“A bend in the road is not the end of the road…unless you fail to make the turn.”
Sandhill cranes flying over the farm this autumn
Truly, friends, if I could sketch the road we’ve followed since we started Larch Grove Farm during the deep winter of 2006, it would zigzag all over the place like an old prairie river. There have been stretches where the vision has been clearly laid out in front of us and the work has flown by, and there have been places where we’ve doubted our choices or have had to wait for strength, funds, time, or energy, and the farm’s progress has curled back in on itself like a leaf. One thing we have deeply learned over the past eleven years is that no matter how we plan, dream, and hope, the land is a living entity, powerful and breathing, with its own agenda. We are lucky enough to live here, to walk with and protect this piece of the boreal, but we are reminded time and again that we have to fit our rhythms and goals to what the land has in mind. We’ve come to understand that we need to make all moves on the farm with a careful eye to what’s going on in the ground beneath our feet, the forest over our heads, and the weather all around us. Our goals have to meet the land halfway.
So many of us on the land have found that the past few years have brought weather like nothing we’ve witnessed before. Yes, there have been drought cycles and rainy cycles throughout the history of the Prairies, but never swings quite this large, quite this unpredictable. That’s what the future holds: more frequent weather shifts from year to year. It’s tough to anticipate the jig when you can’t hear the caller shouting the steps.
In 2011, our county flooded, and again in 2013. We and our neighbours had a couple of years to rebuild our fields and tend to the overwhelmed forests around us, and then this year, we all flooded yet again. Although we’d managed to bounce back from previous floods within a matter of months, the very wet spring/summer of 2017 kept Larch Grove, our market garden, and the forest on the quarter underwater for the entire summer. We lost the market garden for the second time in under five years. In some places, we lost chunks of the forest because of new berms on our neighbours’ farm, which flooded the rainwater into the huge stand of trees. And, for the first time ever, we almost lost the cabin: the water came right up to the edge of the gravel patio around our small home.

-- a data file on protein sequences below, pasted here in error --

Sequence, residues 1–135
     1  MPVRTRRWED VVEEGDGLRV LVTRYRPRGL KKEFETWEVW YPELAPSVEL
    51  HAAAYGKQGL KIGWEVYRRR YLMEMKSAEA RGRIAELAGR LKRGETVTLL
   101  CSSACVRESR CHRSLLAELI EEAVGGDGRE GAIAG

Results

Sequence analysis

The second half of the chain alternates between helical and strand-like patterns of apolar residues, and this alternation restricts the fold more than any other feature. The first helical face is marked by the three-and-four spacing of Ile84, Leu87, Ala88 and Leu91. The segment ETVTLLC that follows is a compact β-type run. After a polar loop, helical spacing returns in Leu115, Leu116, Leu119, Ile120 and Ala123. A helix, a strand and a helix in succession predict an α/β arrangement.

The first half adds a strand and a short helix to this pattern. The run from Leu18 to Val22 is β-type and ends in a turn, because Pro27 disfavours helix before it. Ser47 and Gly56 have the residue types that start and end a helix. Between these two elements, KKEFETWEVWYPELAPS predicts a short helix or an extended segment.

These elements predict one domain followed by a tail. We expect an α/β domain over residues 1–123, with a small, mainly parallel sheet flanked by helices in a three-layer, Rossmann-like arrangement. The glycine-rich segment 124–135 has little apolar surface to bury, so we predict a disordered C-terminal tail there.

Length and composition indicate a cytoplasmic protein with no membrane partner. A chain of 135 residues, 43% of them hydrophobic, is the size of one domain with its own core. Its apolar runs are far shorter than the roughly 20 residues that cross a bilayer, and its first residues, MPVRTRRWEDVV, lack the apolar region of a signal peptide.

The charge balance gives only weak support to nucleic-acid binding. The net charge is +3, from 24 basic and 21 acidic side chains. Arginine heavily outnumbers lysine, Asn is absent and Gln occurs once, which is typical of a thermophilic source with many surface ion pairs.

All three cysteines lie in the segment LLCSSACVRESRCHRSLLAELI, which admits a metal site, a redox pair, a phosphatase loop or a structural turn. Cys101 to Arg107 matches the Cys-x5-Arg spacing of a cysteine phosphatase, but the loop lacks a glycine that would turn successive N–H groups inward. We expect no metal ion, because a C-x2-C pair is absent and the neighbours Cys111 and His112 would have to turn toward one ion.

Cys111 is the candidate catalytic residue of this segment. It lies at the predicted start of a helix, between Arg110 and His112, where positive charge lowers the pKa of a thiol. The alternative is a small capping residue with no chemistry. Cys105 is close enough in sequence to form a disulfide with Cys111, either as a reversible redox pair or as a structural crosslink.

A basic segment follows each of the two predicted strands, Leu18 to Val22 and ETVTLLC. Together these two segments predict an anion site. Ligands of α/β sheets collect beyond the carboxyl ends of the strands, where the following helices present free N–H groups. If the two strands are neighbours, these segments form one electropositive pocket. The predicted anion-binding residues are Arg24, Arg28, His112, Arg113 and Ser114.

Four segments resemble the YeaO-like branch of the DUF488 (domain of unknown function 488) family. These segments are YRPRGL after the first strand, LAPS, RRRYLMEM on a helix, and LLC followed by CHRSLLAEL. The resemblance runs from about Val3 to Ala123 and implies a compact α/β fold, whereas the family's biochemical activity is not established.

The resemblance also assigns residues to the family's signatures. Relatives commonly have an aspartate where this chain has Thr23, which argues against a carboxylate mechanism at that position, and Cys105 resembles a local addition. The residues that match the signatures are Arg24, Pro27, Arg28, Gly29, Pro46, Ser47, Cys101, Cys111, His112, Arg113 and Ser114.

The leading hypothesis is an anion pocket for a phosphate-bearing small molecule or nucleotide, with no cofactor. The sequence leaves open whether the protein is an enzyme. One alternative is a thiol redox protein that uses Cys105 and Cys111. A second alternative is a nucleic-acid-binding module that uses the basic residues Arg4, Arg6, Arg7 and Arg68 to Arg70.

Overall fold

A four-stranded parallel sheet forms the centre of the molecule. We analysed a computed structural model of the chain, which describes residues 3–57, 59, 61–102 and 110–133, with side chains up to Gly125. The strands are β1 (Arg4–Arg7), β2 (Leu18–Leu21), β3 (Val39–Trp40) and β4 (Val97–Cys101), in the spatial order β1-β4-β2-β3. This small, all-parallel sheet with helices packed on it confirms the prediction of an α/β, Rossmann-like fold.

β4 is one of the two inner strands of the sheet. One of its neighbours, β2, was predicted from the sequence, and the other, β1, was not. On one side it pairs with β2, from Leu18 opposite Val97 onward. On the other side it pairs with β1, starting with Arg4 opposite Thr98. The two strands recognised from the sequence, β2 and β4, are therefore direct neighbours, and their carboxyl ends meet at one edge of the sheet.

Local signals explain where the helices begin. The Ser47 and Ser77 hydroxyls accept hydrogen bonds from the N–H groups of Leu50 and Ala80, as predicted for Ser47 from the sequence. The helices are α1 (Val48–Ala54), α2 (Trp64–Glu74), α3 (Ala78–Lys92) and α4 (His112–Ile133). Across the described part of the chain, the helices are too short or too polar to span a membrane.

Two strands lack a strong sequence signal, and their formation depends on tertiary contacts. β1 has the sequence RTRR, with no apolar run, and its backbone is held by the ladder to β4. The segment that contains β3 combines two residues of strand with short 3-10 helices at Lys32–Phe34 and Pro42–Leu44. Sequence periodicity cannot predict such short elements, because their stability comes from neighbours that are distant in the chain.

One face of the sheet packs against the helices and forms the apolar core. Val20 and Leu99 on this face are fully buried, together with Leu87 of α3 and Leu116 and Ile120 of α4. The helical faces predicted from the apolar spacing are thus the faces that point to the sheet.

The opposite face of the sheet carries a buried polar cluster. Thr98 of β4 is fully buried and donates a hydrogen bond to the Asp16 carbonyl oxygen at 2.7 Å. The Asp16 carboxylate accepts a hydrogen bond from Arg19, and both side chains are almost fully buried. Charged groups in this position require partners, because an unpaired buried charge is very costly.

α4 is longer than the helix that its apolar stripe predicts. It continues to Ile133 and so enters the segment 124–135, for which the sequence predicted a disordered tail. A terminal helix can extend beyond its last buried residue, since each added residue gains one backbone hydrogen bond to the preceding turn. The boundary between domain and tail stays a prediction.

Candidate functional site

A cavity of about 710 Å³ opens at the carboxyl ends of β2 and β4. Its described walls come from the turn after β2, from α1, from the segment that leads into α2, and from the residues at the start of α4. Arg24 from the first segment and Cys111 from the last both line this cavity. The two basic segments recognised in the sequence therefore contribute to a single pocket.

It was a summer unlike any we’ve ever known on this land. The mosquitoes were unbelievable, making talking outdoors – even breathing, some days – a challenge. The ground couldn’t hold our feet, our yard cart, and especially not our truck. The garden (last year a productive, veggie-and-flower-filled haven) was rank with anaerobic swamp muck. Our perennial plants and vines died (again, as they did in 2011), and we couldn’t get the greenhouse going because it threatened to sink into the boggy ground. The land told us to stop.
Farming, like so many lifeways, is one where you carry the past with you as an essential part of what you do every day. You learn the land from those who came before you, from the community you find yourself in, from the wealth of stories of those around you, of all different backgrounds. Bad things befall farmers who think they can go it alone without a weather eye to the history of the land. This summer, we pulled out the old aerial photographs of the quarter, taken many years ago, showing the traces of old drainage ditches crossing the hayfield at the other end of the quarter – ditches that had been ploughed under by other farmers, years later, probably during dry summers. These drainage ditches showed the reason for the current swamp patches on our hayfield. A quick scan of the neighbours’ new berms around their field showed why the water was backing up into our forest. And the faint lines of those old ditches, ghosting in across the aerial photos, told us what we needed to do to help the forest and our neighbours’ farm.